This was the giddy tickle I felt in my belly as I arrived in Kuala Lumpur last fallóthe certainty that I would soon sate a yearning that'd been mounting for five years. It was such a strange feeling I almost didn't recognize it. After all, there's almost no other commodity I can think of, gastronomic or otherwise, that could have remained so completely unattainable. I live in Calgaryóan arid prairie city hundreds of kilometres from a major portóand yet I can get papayas and mangoes at my local grocery store. There is a farmers' market near my house that sells ten kinds of Swiss cheese, sausages from Poland and Germany and Spain, slabs of ahi tuna and homemade Ukrainian pyrogies. Even the least ambitious of my local liquor stores can load me up with a six-pack from the Czech town where Pilsner was born. In one strip mall, I can find everything I need to make authentic tacos de cecina and, in another, the fixings for the super-savoury aloo chaat I fell in love with on the streets of Delhi. And all of this without mentioning the culinary globe-trotting that awaits me if I'm willing to spring for a restaurant meal. Like the resident of any good-sized North American city, I can eat my way around the world without even needing to refill my car's gas tank.
What I can't get, however, is a mangosteen. I should qualify that: I can't get a real mangosteen. I have seen the ambrosial orbs on these shores once or twice, and I've noticed that one nearby greengrocery has started stocking mangosteensóturns out its proprietor is a fellow addict. But I'm not that tempted by themónot only because he hawks them for $7.99 a pound (a full dollar more than a pound of T-bone steak) but also because I know better than to think that the heavenly fruit I bought for a dime on the streets of Kuala Lumpur could be had at any price on this side of the Pacific. I once made the mistake of paying ten dollars for a handful of mangosteens from a market on Spadina Avenue in Toronto, only to find that the delicate fruit inside was hopelessly spoiled, retaining little of the light, fleshy texture of the real deal and just enough of the mangosteen's inimitable flavour to bring the true taste maddeningly close without actually supplying a fix.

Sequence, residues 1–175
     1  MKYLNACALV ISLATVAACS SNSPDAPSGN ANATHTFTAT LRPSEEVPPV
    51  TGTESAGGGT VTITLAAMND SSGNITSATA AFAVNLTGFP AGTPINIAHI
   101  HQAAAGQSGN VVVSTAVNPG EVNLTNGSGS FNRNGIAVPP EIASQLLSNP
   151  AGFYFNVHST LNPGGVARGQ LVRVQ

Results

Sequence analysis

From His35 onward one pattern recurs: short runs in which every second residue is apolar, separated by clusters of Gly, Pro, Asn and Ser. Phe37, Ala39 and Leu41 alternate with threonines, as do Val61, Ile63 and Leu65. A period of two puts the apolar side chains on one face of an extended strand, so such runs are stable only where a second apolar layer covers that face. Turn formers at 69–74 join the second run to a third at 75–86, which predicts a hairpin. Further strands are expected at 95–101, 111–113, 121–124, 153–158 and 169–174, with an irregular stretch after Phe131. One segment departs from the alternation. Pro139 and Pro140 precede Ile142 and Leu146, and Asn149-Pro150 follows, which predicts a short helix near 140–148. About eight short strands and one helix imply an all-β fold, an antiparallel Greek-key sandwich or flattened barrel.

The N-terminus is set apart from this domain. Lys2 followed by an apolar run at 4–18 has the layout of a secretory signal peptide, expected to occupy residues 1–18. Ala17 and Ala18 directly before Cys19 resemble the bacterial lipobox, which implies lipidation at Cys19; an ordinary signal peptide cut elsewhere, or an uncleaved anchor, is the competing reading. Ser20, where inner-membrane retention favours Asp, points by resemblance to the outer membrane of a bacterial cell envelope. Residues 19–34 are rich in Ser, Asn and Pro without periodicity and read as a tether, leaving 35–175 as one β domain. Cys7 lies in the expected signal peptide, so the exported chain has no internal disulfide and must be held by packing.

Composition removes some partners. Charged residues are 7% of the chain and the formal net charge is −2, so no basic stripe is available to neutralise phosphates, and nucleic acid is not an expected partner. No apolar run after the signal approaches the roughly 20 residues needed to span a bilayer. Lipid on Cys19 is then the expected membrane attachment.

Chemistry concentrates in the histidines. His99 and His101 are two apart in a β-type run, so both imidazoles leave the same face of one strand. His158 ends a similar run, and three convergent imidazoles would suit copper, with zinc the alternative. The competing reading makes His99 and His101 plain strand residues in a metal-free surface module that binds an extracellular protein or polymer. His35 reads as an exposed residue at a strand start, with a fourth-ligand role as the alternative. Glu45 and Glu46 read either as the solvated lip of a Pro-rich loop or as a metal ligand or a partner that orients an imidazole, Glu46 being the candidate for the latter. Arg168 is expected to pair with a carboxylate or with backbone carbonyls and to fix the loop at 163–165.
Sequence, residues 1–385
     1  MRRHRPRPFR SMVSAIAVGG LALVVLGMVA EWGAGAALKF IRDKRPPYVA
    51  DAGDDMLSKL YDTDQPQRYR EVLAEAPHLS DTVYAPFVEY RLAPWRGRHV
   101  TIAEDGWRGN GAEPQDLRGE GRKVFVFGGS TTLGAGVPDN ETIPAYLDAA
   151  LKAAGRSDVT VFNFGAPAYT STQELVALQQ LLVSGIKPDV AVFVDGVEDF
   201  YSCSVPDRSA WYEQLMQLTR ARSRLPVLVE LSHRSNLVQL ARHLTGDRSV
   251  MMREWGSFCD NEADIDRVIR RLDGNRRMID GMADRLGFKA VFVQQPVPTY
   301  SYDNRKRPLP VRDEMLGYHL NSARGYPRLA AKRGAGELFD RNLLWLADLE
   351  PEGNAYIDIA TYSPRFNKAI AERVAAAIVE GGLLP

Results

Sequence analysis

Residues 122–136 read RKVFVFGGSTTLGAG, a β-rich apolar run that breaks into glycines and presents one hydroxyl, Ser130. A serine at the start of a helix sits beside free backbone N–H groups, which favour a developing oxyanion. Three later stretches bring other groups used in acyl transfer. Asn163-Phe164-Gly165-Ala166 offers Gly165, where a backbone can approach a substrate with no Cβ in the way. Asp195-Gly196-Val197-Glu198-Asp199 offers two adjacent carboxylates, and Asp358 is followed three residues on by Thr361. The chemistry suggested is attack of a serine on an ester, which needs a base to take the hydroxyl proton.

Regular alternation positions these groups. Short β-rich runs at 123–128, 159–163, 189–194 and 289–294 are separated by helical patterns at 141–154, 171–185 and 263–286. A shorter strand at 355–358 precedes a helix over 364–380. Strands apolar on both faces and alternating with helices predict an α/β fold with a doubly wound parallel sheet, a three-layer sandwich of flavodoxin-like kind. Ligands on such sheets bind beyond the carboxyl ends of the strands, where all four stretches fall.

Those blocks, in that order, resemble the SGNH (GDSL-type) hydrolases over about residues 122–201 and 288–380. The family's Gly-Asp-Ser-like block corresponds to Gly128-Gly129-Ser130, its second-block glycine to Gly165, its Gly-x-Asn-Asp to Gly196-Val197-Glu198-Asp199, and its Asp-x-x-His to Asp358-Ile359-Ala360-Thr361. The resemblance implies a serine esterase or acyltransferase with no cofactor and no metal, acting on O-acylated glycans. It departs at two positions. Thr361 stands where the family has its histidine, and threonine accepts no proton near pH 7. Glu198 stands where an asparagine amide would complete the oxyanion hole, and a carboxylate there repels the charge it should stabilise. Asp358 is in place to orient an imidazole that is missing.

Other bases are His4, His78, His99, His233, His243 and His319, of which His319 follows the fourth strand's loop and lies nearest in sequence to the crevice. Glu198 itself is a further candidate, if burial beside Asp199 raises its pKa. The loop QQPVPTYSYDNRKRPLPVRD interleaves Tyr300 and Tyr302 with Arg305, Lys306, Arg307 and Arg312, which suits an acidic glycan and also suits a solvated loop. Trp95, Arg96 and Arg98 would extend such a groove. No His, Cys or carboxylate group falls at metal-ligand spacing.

The mangosteen is not some over-engineered supermarket banana. It's not a Tropicana Twister ingredient or a Jelly Belly flavour. It's a temperamental mistress and a genuine delicacy; a thing available only in its place of origin and too distinctive to be simulated. To prosper, the mangosteen tree needs extremely high humidity and lots of heavy rainfallóthe climate of Southeast Asia, in other wordsóand it can take fifteen years to start yielding mature fruit. And even then, it doesn't always produce a flawless crop; buy a kilo of mangosteens in Kuala Lumpur, and half of them may be as spoiled as those you'd find in Toronto. The fruit doesn't ripen after picking, cannot travel, won't tolerate refrigeration and stridently refuses to make itself amenable to large-scale production. Mangosteens are treasures, unique and fragile and beholden only to their own notions of utility.